Yahoo! Messenger for Windows Vista Officially Got F5’d

Long have I complained about the fact that the Yahoo! Messenger team did nothing whatsoever to improve their products and instead preferred to bring up front the older features that they thought people weren’t using. And up until today they've never failed with the disappointment, they were like clockwork.

The refresh that the Instant Messenger service got for its Vista version came as a gentle breeze to remind us that once in a blue moon things can be done. It’s been attended carefully and several things have been added or fixed, as follows.

Visually, they’ve cleaned up and enhanced some menus (image picker included), offline messages are shown in a
conversation window and have been added a timestamp and a new "While you were out" tag. Performance and stability have also been dealt with, the new version of the client (2008.01.11.428) is sensibly more stable and it responds a lot faster to typing or switching between tabs and windows, as the Yahoo! Messenger blog reads. Some work has been put into the sidebar that the IM came with, so those who wanted to use it, but were annoyed by the bugs, can now rest assured and start it up with confidence.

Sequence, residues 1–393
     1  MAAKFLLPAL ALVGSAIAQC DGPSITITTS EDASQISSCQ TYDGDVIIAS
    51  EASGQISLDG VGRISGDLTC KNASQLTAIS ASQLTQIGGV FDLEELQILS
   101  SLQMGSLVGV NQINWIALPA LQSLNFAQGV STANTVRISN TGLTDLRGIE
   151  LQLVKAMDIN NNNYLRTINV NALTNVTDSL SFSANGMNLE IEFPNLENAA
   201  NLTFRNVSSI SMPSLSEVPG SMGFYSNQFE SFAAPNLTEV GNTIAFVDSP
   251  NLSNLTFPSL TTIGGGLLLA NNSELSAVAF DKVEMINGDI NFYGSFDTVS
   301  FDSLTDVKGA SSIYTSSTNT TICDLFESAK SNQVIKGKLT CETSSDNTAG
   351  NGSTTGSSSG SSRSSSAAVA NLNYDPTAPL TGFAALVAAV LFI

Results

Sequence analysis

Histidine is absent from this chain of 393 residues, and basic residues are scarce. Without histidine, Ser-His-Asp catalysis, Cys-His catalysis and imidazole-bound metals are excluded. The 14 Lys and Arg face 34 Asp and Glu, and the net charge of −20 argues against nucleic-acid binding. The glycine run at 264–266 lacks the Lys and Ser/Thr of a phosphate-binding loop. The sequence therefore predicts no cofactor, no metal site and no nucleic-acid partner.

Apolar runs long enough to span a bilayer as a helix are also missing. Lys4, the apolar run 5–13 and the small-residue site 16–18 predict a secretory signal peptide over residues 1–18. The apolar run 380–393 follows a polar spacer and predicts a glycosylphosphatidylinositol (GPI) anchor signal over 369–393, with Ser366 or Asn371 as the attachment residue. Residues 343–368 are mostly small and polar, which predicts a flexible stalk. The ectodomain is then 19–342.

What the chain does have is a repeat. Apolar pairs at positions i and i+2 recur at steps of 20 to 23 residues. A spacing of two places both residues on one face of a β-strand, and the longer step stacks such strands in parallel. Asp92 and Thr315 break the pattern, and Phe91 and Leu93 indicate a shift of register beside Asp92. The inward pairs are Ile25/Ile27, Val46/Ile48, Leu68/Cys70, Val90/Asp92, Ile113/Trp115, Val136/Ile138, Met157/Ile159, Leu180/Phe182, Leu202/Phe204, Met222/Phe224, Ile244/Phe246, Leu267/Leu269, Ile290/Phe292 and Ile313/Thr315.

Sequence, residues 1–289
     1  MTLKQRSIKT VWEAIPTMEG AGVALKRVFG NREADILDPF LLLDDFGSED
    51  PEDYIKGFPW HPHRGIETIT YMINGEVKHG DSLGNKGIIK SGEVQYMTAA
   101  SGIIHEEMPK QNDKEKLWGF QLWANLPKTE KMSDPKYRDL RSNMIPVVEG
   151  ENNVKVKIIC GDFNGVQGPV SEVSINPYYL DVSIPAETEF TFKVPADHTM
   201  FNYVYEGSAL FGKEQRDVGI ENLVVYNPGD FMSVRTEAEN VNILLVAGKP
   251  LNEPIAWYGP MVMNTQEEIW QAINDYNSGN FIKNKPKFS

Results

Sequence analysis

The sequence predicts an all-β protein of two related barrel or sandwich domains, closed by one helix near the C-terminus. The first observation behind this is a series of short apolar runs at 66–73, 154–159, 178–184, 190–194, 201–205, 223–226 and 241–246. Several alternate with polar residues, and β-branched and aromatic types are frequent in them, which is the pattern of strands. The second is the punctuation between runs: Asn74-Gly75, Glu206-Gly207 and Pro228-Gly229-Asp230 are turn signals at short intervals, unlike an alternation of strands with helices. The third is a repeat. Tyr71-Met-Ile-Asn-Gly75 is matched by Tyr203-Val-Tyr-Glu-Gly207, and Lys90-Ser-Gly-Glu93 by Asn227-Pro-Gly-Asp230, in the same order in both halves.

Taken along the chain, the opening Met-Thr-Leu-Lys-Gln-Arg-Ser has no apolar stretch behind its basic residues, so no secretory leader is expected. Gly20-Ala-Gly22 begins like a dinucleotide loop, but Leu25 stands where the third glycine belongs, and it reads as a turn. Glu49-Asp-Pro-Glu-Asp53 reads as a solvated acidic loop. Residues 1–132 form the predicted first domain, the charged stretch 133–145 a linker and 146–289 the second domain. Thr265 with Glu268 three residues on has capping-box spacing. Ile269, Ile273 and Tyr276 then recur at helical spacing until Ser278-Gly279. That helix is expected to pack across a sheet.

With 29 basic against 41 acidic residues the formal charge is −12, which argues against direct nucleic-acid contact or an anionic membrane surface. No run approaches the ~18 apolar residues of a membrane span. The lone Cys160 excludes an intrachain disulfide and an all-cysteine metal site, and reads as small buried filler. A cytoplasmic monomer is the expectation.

And talking about bugs, many of them have been squashed with the refresh: the sign in problems that some encountered were fixed and what managed to piss off everybody I know who uses it, the scrolling of the window has been reconsidered. It was fairly annoying to have to manually scroll down in order to see every single message received.

Hopefully, they’ll keep up the good work and not stop at this, there’s still room for more improvement both for the Vista version and the XP one. Off the top of my head, I could think of the sounds that have been changed with the latest versions, so now a BUZZ!! is more like a distorted excuse for a doorbell and receiving messages isn’t so prominent any more. Of course, you can manually change those, but it would have been nicer to have the option to switch to and from them at your free will.



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